Getting intimate may not be the most difficult thing in the world, but talking about getting intimate? All bets are off. Whether you’re in bed with a spouse or a short-term acquaintance, figuring out how to talk about sex with your partner—or asking for what you want in bed—can be more challenging than sex itself.
For many folks, asking for what you want in bed is a touchy subject. “I find that lots of people are afraid of hurting their partner's feelings, thinking that if they make a specific request their partner will think it's a critique of their performance or sexual IQ,” says sex expert Ev’Yan Whitney. “Some folks are afraid of being rejected. Asking for what you want in any capacity, but especially in the bedroom, is a vulnerable thing; I think a lot of people shy away from asking because that leaves it open for their partner to say no or not understand.”
Another common reason? Simply not knowing how to ask for what you want and advocate for your needs and desires. “I find that people who have trouble asking for what they want in bed have trouble asking for what they want in general—in their friendships, from their co-workers, even from themselves,” Whitney says. “They'll either dismiss their wants because they don't see them as being important or they'll gaslight themselves into thinking that they actually don't want what they want.”
To help you overcome some of these potential barriers, we talked to a few experts to learn a little more about how to ask for what you want in bed. Because yes, you deserve it.
1. Try talking about sex outside the bedroom
Not all bedroom talk has to be relegated to the bedroom, says sexologist Sadie Allison, PhD. “Talk about sex over a coffee or cocktail,” she says. “This will make for a more comfortable conversation since it’s not in the middle of being intimate, where your partner could feel inadequate. Be compassionate and gentle with your words, and share how happy and fulfilled these things will make you feel.”
2. Do a little show and tell
“If there’s something specific you want to try, find an adult entertainment video and show your partner the scene where it’s being performed,” offers Allison. “Ask them what they think and if it seems like it would be something fun to try. You can even suggest that it looks interesting to you and you might be interested in trying it.”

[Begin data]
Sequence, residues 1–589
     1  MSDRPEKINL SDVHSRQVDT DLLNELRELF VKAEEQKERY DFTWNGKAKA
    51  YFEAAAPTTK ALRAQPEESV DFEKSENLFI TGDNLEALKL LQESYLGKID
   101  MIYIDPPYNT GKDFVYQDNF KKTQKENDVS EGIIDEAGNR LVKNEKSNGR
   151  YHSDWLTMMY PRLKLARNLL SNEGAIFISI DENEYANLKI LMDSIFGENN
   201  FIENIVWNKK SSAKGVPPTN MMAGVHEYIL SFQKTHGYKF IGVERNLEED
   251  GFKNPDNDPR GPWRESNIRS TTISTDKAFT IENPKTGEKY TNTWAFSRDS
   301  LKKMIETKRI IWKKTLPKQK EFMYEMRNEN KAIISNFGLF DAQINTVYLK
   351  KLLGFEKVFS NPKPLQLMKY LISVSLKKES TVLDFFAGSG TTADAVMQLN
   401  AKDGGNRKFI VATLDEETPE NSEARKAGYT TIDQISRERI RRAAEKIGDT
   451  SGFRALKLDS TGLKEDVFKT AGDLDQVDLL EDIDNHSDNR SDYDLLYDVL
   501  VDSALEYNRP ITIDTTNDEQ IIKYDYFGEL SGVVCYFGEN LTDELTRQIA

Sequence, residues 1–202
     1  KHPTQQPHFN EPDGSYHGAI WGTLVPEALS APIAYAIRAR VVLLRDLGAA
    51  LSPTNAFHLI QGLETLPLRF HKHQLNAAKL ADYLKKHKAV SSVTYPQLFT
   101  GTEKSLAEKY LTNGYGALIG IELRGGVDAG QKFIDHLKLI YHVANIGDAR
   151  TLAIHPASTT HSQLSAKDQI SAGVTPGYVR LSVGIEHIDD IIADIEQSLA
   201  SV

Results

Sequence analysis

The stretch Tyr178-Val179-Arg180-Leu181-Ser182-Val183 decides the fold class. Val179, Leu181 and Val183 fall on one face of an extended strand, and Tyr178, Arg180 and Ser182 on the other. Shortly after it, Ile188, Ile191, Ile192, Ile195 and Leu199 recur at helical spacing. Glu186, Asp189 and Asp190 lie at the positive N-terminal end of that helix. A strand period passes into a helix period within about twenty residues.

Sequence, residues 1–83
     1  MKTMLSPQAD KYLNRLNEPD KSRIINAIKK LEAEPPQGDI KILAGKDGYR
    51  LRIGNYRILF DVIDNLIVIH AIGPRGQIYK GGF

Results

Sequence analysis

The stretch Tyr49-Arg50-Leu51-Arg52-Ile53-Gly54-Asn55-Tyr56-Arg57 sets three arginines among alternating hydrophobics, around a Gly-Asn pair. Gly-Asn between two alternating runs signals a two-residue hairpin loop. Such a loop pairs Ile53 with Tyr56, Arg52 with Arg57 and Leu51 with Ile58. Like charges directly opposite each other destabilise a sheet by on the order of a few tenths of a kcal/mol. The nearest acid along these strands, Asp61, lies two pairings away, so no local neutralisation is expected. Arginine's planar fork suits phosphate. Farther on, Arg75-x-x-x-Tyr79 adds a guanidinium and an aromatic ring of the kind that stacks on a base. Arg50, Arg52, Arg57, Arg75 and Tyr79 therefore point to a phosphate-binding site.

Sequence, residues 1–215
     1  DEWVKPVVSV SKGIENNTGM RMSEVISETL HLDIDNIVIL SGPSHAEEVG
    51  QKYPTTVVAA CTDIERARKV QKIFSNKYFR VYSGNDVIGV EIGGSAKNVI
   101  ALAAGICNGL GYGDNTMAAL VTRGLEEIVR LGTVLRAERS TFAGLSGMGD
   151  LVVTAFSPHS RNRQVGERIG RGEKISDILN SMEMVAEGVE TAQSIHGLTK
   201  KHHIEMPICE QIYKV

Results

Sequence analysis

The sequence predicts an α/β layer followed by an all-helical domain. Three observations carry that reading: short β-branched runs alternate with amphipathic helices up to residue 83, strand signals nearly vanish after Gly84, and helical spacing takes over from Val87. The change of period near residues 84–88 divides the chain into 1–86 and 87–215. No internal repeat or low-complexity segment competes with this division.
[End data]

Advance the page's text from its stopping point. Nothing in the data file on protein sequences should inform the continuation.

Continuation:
Allison also suggests literal demonstrations. “If you want to be licked, ask your partner if it's ok to do that to them, and then let them know that you'd love for them to try the same thing on you,” she suggests. Or try saying "can I show you what feels good to me"? These are playful, explorative ways where you can really embark on the journey as partners, ensuring nobody feels left out or rebuked.
3. Use a yes/no/maybe list
If you’re not sure of where to start when it comes to what you do (or don’t) want in bed, psychotherapist and sex therapist Tamara Pincus suggests using a yes/no/maybe list. “You don’t create your own list,” she explains, “You find one that works for you, like the one from Bex Caputo.”
4. Read together
Several experts recommend reading a book on sex together to increase your knowledge base (and potentially set the mood). Dr Allison recommends an illustrated sex tip book (like Dr Sadie’s 6 bestsellers), while Pincus offers Come As You Are by Emily Nagoskii.
5. Write about what you want
Once you’ve read the written word, think about writing the written word. “Leave a post-it note where your partner will see when you’re not around—maybe on the bathroom mirror, in their lunch, or on their steering wheel,” says Dr Allison. “This turns it into a fun little game and helps lean into the suspense and desire.” If you want something that feels a bit more intimate or romantic, try writing a note in a card. “The hand-written touch will be unique and thoughtful and offer a more sincere approach/connection than text or email,” she adds.
6. Play a little game
Keeping things light and playful is always key to having a healthy conversation about sex and intimacy, Whitney notes. One way to ensure that you maintain this atmosphere is by literally playing a game...perhaps of the more erotic nature. “Ideally, you want a game that lends itself to veer into sexual conversations and allows you to casually bring it up,” says Allison. “Involving laughter and lightness is a great way to touch upon what you enjoy.”
Exploring your sexuality with your partner and learning what you want and how to ask for it can pave the way for enormous growth both personally and for your relationship, says Pincus. “I've seen people make tremendous strides in their own journey just by being able to explore what's pleasurable for them,” Pincus notes. “Too often, we tend to focus on the same things in sex, but broadening the definition of intimacy is important.”
“Simply put, if you don't ask for what you want in bed, you're not going to have the sexual experiences you want, desire, and need to have a pleasurable time,” Whitney adds. “This isn't just about getting what you want either, it's about creating and normalising discussions about sex and consent. It's about creating a muscle memory of asking for what we want that we can then translate into other areas of our lives outside of the bedroom.”
By getting comfortable with conversations about what you want in the bedroom, you may also pave the way to prioritising other individual needs as well. “When you create a safe space for your wants in the bedroom to be entertained, you're also creating a safe space for your partners' wants to be considered too.” After all, they point out, “Sex between two or more people is meant to be collaborative.”